Penn Trustees meeting is cut short after students protest the war in Gaza

A meeting of the University of Pennsylvania’s board of trustees was disrupted Friday by a group of pro-Palestinian students protesting the school’s involvement with Israel, prompting administrators to adjourn the meeting about 10 minutes after it started.

With their hands raised, some of which were painted red to symbolize blood, the group of about 12 students began protesting shortly after J. Larry Jameson, Penn’s interim president, began addressing the university’s board of trustees. It was his first public meeting with the board of trustees since taking office in December.

“Endowment transparency now! Distance yourself from genocide!” the students sang.

The protesters, who represent a group called Freedom School for Palestine, said their action was in response to Penn’s relationship with Israel, citing a study abroad program, a recent faculty trip to Israel and “donations to the IDF,” referring to the Israeli army. . A Penn spokesperson denied that the university makes donations to the IDF

“We condemn the board of trustees’ support for the genocidal Israeli state and we call on the Penn administration to support Palestinian students, drop disciplinary charges against pro-Palestinian protesters and rid itself of genocide,” the group said in a statement. It added that it was pushing for the university’s $21 billion donation to withdraw investments in Israeli companies or other entities that support the war in Gaza. It was not clear whether Penn had any investments in the country.

Friday’s protest was the latest unrest to roil the country’s top universities since Hamas attacked Israel in October. The campus movement that began as grassroots protests against ongoing Israeli retaliation in Gaza has recently shifted its focus to university funding, with protesters demanding that schools attract investments that would support the war.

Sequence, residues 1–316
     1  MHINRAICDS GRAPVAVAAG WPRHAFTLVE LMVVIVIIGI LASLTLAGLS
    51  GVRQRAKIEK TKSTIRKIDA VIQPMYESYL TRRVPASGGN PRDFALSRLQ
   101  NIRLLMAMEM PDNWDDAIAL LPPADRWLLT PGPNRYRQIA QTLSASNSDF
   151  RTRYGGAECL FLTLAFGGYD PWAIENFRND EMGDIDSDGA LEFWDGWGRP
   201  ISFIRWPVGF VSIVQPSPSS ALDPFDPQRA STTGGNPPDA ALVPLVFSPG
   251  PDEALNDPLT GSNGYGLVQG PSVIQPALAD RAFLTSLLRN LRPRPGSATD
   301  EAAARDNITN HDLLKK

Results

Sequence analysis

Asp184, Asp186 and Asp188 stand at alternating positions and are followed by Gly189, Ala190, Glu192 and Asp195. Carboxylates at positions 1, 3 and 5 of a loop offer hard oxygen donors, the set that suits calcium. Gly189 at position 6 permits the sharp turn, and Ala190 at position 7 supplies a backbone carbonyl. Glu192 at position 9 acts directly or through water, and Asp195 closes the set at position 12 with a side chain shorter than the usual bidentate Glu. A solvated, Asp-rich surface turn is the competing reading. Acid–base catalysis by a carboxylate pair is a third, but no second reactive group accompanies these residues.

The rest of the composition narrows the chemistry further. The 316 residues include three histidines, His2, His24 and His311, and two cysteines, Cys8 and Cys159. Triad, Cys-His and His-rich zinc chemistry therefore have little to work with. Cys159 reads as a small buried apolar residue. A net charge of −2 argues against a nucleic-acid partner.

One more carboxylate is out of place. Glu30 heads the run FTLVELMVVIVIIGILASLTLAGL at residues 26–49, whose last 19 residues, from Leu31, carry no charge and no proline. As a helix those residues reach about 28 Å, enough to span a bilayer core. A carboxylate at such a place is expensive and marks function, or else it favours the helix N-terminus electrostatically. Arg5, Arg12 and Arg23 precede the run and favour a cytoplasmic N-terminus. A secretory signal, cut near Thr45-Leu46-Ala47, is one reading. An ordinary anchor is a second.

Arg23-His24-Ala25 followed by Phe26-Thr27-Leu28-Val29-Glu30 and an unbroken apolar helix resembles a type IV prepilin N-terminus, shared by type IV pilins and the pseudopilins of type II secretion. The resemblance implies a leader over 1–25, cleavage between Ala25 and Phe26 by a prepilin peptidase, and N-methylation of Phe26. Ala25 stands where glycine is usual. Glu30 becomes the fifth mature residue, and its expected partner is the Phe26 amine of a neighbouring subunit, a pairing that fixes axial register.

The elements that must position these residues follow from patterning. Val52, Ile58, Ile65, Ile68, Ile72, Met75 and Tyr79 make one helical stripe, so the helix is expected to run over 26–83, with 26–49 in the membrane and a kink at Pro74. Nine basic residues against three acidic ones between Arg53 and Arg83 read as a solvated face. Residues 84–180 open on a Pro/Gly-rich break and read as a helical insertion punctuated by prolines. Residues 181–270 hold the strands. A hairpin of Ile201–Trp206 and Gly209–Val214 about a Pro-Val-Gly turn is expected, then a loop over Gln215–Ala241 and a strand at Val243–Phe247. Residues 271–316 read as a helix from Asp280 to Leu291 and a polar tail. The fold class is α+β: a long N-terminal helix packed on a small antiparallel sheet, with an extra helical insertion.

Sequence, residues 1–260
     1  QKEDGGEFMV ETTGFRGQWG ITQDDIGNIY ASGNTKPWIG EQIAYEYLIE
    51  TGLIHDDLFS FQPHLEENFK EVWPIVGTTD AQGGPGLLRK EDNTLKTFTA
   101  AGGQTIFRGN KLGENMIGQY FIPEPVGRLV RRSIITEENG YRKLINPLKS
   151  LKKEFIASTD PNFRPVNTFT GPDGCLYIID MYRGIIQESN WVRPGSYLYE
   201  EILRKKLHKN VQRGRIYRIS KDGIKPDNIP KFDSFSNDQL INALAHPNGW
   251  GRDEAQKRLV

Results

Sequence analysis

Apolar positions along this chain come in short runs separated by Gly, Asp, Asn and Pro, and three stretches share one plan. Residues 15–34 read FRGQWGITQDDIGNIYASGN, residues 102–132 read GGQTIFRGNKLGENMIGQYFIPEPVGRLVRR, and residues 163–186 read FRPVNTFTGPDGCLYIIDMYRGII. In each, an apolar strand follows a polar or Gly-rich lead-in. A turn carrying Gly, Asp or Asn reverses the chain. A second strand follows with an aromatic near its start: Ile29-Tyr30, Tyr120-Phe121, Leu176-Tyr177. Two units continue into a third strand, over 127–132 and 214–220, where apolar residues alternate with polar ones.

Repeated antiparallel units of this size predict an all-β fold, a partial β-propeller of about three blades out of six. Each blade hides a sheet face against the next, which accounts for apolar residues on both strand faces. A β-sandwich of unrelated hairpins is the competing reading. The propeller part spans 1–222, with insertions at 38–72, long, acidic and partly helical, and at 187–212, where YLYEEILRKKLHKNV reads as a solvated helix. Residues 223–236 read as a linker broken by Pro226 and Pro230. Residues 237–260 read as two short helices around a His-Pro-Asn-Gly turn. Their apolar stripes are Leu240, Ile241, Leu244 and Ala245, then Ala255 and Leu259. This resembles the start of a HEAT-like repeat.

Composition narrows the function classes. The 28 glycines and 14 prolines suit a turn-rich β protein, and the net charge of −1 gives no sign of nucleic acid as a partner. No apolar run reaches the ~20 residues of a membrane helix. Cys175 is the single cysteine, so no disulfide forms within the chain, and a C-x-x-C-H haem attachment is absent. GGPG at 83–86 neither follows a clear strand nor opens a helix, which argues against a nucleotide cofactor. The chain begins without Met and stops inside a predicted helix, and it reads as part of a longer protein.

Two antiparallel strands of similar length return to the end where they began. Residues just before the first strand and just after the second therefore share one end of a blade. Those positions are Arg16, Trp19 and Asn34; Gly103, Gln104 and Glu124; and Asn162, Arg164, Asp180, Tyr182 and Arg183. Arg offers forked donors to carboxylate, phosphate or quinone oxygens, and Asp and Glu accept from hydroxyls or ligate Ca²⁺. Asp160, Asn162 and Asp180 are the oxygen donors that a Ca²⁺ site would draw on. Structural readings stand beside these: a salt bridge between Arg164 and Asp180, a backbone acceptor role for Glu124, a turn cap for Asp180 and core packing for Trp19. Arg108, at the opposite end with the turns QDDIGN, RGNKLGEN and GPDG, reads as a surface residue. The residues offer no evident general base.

At Brown University, about 19 students protesting the war staged a hunger strike earlier this year, demanding that the administration enact a divestment resolution. The idea behind the divestment movements, which in the past have also focused on fossil fuels, tobacco and apartheid in South Africa, is to encourage university endowments to advance the public good and be instruments of change.

But Penn’s campus was already in turmoil before the war, embroiled in conflict over former President M. Elizabeth Magill’s decision to allow a Palestinian literary festival on campus last September. With her leadership already under fire, Ms. Magill continued to be the target of criticism after the war in Gaza broke out, with Jewish donors, alumni and students questioning what they saw as her office’s lukewarm statements following the Hamas attack.

Ms. Magill ultimately resigned in December after an appearance on Capitol Hill, where she was questioned about whether a call for genocide on campus would be grounds for discipline. Dr. Jameson, an endocrinologist who previously served as dean of Penn’s medical school, was named interim president to replace her.

Some Jewish students at Penn have spoken out against anti-Semitism on campus, including Noah Rubin, who told members of Congress on Thursday that the university administration had failed to address his complaints.

Penn trustees began committee meetings Thursday and Friday’s meeting was expected to be the culmination of their work. The Rev. Dr. Charles Lattimore Howard, Penn’s chaplain, kicked off Friday’s meeting with remarks focused on healing after the unrest on campus.

“There is a lot of division in the world, a lot of hatred and mistrust, a lot of indifferent isolation and indifference, a lot of zero-sum perspectives,” he said, adding: “But some of our students try to remind us of another way. In small and personal ways, they try to understand the other side, or at least humanize it.”

Dr. Jameson followed the invocation and began his speech by noting the excitement of students at Penn. “They are thrilled to be here. They thrive on the outstanding academics, research and work that improves the world around them,” he said.

But he was Can not go on, and the cheerful mood quickly changed as chants broke out, started by a group of students in the audience. Ramanan Raghavendran, the recently appointed chairman of the trustees, unsuccessfully made three separate pleas to the students to quit.

Unable to continue, the board simultaneously approved approximately 20 resolutions up for discussion and then left the meeting room.

After the meeting, a university spokesperson issued a statement saying the disruption violated the school’s student code of conduct and that the students had been referred for disciplinary action.

The Freedom School for Palestine also organized two other protests: a sit-in in a campus building last fall and a “study-in” in Penn’s library in February.

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